A Breakdown Of Direct Primary Care Terminology
But this whole new world of direct primary care (DPC) does have some lingo, and once you join the club—we want you to be in on it so that you understand everything about your healthcare.
So let’s break down the DPC lingo:
(n) Direct Primary Care:
Easy to use, easy to love, hard as heck to explain to friends. Mostly because it’s pretty unbelievable. But here’s what it is in a nutshell: Direct primary care (DPC) is a membership-based model where members pay a fixed, monthly fee to get unrestricted access to their own primary care doctor through text, call, video chat, or in-person.
No more talk of insurance or policy. You’re a member now, and member means family. Really, it’s as good as having a doctor in the family. You get to text/call/visit your provider whenever you have a concern or just want a check up. There’s no limit on amount of visits or time spent with your doctor. Members have a relationship with their provider instead of their insurance company.
The safe word. While we’re often tempted to call anyone who treats us a “doctor,” it’s often not accurate. At First Primary Care, your primary care provider can be either a doctor or a Family Nurse Practitioner. Both are highly qualified to treat you, but if you’re unsure how to reference them—stick with “provider.”
Your new favorite app. The Spruce app is how you keep connected with you provider, text or call them, schedule appointments, and even receive your lab results.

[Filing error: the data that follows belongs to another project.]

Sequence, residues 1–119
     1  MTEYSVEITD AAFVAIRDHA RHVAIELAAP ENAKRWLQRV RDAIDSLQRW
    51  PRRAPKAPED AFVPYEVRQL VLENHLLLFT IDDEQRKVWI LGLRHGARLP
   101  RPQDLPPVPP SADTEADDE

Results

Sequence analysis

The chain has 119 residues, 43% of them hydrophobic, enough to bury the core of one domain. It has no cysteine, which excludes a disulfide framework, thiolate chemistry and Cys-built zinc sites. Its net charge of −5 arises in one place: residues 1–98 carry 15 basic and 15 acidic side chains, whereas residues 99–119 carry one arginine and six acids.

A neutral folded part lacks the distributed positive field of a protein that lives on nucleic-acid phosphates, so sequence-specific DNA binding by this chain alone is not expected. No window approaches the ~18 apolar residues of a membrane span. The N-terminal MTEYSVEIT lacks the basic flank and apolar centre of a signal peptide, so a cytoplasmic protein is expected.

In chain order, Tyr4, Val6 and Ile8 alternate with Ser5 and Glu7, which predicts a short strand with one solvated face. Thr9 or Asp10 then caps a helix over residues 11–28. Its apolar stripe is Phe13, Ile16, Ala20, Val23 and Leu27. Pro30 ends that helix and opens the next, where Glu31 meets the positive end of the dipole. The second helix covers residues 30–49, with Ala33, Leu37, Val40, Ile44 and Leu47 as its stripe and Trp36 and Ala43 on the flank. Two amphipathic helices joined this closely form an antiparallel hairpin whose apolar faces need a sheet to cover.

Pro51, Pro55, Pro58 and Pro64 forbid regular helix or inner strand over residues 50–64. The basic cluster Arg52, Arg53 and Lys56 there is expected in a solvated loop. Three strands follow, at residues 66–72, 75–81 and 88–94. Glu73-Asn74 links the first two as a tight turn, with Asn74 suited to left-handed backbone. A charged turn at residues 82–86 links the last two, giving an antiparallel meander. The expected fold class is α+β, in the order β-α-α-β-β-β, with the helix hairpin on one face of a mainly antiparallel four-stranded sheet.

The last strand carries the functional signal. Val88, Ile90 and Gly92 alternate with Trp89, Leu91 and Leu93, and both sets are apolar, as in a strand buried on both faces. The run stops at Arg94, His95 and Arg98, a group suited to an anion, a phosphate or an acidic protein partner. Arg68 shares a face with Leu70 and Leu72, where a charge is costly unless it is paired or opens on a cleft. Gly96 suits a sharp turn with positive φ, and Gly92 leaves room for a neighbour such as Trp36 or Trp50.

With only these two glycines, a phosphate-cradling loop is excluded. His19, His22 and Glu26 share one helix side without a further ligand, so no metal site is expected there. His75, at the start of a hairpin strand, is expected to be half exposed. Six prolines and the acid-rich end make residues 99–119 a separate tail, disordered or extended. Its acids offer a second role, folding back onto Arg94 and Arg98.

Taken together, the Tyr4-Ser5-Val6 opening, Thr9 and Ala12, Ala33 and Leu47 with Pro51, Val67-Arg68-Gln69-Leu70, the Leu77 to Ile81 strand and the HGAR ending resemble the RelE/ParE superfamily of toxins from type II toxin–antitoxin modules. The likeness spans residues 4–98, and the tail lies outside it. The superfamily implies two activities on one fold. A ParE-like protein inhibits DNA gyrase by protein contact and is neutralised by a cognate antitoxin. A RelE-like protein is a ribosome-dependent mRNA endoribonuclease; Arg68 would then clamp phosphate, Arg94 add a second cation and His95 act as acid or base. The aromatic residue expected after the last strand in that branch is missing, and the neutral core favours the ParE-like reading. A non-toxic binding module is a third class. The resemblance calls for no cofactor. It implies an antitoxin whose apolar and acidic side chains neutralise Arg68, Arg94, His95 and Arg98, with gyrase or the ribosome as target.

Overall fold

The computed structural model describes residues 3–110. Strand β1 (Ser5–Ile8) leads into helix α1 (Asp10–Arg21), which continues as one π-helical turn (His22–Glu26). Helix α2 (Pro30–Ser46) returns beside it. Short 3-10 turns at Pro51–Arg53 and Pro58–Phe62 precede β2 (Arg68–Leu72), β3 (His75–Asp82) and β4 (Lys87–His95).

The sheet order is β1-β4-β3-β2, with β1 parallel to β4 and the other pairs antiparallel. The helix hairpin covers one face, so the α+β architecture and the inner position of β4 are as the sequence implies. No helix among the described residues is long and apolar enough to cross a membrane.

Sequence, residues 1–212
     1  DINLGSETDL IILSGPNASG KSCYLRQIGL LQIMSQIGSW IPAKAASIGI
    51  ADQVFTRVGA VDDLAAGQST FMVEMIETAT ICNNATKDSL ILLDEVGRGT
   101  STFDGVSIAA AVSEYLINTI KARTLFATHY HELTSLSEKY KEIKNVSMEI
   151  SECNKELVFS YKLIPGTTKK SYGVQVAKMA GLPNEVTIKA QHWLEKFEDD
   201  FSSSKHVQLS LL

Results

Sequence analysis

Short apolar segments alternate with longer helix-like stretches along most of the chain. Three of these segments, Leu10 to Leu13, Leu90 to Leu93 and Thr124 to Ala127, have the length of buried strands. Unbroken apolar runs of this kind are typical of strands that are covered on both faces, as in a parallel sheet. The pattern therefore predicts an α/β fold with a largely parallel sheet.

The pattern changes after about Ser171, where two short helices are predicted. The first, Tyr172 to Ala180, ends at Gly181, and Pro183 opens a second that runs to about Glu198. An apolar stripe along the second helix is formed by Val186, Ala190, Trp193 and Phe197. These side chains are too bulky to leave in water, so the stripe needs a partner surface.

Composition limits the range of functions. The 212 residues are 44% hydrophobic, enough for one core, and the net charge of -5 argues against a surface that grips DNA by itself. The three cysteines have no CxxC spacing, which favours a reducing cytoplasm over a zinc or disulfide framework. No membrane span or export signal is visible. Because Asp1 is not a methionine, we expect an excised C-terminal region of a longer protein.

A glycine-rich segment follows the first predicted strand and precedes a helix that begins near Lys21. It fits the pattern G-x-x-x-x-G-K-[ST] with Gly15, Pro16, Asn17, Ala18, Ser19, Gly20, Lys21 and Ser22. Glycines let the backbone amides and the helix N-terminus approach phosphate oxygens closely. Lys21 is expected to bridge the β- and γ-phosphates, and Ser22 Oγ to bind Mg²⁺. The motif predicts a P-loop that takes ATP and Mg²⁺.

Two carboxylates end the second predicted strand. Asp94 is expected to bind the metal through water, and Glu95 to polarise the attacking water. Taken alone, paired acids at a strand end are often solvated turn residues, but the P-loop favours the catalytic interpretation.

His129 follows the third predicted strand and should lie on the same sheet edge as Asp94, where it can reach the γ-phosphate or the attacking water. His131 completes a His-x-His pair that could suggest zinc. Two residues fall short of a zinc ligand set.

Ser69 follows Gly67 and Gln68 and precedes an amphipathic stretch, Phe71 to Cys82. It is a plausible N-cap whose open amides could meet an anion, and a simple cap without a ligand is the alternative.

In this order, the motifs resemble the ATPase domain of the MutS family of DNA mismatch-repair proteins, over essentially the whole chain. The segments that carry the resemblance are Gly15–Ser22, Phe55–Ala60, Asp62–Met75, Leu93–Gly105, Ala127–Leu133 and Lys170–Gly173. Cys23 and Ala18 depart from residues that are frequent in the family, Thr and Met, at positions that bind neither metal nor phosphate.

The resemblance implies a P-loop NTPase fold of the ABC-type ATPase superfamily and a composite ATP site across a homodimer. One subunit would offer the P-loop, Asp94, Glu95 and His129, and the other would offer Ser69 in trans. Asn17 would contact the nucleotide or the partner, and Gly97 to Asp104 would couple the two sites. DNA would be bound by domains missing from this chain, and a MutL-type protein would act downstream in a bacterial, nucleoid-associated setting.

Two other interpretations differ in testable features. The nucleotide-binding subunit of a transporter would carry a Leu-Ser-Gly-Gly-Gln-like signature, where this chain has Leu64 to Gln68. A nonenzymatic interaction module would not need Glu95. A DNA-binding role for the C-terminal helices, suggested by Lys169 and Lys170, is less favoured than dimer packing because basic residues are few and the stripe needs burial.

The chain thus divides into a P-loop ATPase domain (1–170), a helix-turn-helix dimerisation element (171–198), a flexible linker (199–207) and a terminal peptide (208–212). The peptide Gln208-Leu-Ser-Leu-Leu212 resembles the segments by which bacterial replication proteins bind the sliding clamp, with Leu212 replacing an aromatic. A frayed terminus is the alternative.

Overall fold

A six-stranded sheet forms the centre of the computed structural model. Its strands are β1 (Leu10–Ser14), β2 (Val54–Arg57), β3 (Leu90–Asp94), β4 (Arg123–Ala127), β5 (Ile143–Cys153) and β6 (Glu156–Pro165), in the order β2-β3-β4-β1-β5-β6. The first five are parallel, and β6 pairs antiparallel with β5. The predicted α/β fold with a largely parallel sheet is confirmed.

If you added Sedera onto your membership, you’ll need these words:
(n) Medical Cost Sharing:
A membership-based, non-insurance arrangement established for the purpose of sharing legitimate health care expenses between members.
All of the medical expenses related to a single accident or illness that exceeds the member’s Initial Unsharable Amount (IUA).
(n) Initial Unsharable Amount (IUA):
The amount that members are required to bear on their own prior to any amount that may be eligible for sharing; IUAs are applied per injury or illness.
(n) Fixed Overhead Costs:
There’s no contract or transfer of risk in a cost sharing community. Your one contribution to the community is totally voluntary, no-strings attached.
(n) Pre-existing Condition:
They don’t prevent you from being able to join the community. But there may be sharing restrictions associated with the condition.